COP26: Glasgow businesses expect disruption, but excited over climate summit

Businesses in Glasgow are expecting disruption during COP26, but view it as a ‘great thing’ for the city.

The scale of COP26 - which started yesterday - has meant that major roads around the SEC, including the Clydeside Expressway, have been closed.

This - along with the 25,000 world leaders and delegates now in Glasgow - has meant more congestion problems on the roads.

Sign up to our GlasgowWorld Today newsletter

The i newsletter cut through the noise

This has an impact on businesses, as delivery services will be affected and customers might find it more difficult to visit.

Locavore, for example, has warned its customers that road closures and planned protests related to COP26 is impacting on its deliveries, forcing it to reschedule some.

However, it also has its positives.

Restaurants are booked up, while hotels and airbnbs are packed - a welcome change after a difficult 18 months during which the Covid-19 pandemic and numerous lockdowns have wreaked havoc on the hospitality industry.

How has COP26 impacted hotels in Glasgow?

The Radisson RED sits next to the SEC, where COP26 is being held. It will have a major impact on the hotel - but, despite the challenges it brings, the hotel still sees the summit as a positive.

Graham Chalmers, curator, Radisson RED: “We are at the very heart of COP26 here at Radisson RED, as our hotel is of course within the campus itself – normally we are known as the hotel of music, but instead of rock stars we are welcoming world leaders for a fortnight.

“Clearly there are challenges associated with this – we are surrounded by steel wire, armed guards and roadblocks, so conditions are certainly unusual. But we adapt, and our staff have been doing an incredible job.

“COP26 means the eyes of the world are on us. We all have to do better, personally and professionally – which is why we are thrilled to be the first hotel in Scotland to be awarded the prestigious Green Key certification by Keep Scotland Beautiful.

“We go out of our way to be as sustainable as possible, from generating power to return to the grid in our gym, to using rain catchers on the roof to waiter our plants.

“For me COP26 coming to town is a good thing – we have all had a very hard time over the last couple of years but it is vital we continue to focus on fighting for all of our futures.”

How is COP26 affecting Glasgow businesses?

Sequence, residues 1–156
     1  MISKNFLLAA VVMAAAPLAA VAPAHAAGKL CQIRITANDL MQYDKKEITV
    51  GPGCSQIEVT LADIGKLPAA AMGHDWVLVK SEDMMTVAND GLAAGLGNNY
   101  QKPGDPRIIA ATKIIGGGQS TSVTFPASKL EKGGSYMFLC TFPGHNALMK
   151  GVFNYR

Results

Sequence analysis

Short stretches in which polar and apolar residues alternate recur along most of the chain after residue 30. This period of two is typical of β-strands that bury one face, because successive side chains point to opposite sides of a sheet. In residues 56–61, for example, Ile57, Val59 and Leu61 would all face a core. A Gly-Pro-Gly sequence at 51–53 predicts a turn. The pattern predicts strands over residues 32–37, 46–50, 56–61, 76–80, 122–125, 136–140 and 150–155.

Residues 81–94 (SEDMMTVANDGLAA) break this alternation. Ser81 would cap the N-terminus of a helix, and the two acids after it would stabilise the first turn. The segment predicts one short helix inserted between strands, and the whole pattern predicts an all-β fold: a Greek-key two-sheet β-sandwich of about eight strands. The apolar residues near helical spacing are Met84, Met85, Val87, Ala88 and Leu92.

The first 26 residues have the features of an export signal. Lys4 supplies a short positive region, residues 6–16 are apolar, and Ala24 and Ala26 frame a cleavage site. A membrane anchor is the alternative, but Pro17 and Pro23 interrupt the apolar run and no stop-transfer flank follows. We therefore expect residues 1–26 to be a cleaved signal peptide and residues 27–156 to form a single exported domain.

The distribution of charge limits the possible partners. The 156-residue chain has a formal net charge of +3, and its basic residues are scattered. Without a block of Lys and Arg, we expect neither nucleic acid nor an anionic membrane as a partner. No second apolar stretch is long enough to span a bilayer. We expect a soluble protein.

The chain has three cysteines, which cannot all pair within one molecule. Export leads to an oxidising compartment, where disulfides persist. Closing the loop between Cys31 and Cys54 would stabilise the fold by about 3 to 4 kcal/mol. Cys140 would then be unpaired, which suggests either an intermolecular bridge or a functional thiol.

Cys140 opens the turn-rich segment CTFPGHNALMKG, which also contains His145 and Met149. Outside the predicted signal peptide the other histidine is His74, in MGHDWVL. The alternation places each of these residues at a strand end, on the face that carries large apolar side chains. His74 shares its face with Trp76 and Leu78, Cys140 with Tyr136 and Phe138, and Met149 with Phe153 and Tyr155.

The eyes of the world are on Glasgow for COP26. It has also led more businesses to think about the impact they have on the environment.

The Hidden Lane Brewery in Finnieston is an example of a businesses that is making changes to make itself more sustainable.

Rachel Suttle of Hidden Lane Brewery said: “There are inconveniences with so many road closures and things, but I think it’s a great thing for the city to have the eyes of the world on us.

“We are very aware of what we want to do here at Hidden Lane Brewery in terms of being the most sustainable business we can possibly be – we recycle our spent grain by donating it to a city farm, they grow organic vegetables and sell them here so it goes full circle.

“We also donate it as feed for farmers. We are fully vegan and organic and have lots of plans to go even further.

“For example we are about to launch a range of spirits created by recycling beer we had brewed prior to lockdown – initially we have a rum and a gin. This is the way forward, for us and for everyone, and it’s really important to us.

“I think COP26 is definitely a positive thing for Glasgow, Scotland and the world, and it definitely is a boost to Scottish business after 18 months of relentless pressure, confusion and fear.

“We all need to pull together to do better, to be better and to make sure our kids have a better world than we do. That’s at the heart of everything we do here at Hidden Lane Brewery – my boys Felix and Kit deserve a world they can enjoy, and be proud of our role in helping it.”

COP26 legacy on Glasgow businesses

The Hidden Lane Brewery is just one business which is thinking about the future.

The Glasgow Chamber of Commerce said that it is working with its members to make sure that COP26 has a “lasting economic and environmental legacy” in Glasgow.

Stuart Patrick, Glasgow Chamber of Commerce chief executive, said: “Businesses understand the importance of combatting climate change as we drive to net-zero and the outcomes of COP26 will be pivotal to this mission. Through our Climate Chamber Mission and My Climate Path initiatives and our ongoing Circular Glasgow work, we are proactively connecting our members to COP26 opportunities and working to ensure a lasting legacy for our city and local businesses.

“Inevitably there will be some disruption to businesses over the course of the summit but we are working closely with Glasgow City Council and the Scottish and UK Governments to minimise this and advising our members accordingly. COP26 will put Glasgow on the world stage and we will be working hard with our members to ensure there is a lasting economic and environmental legacy from the event.”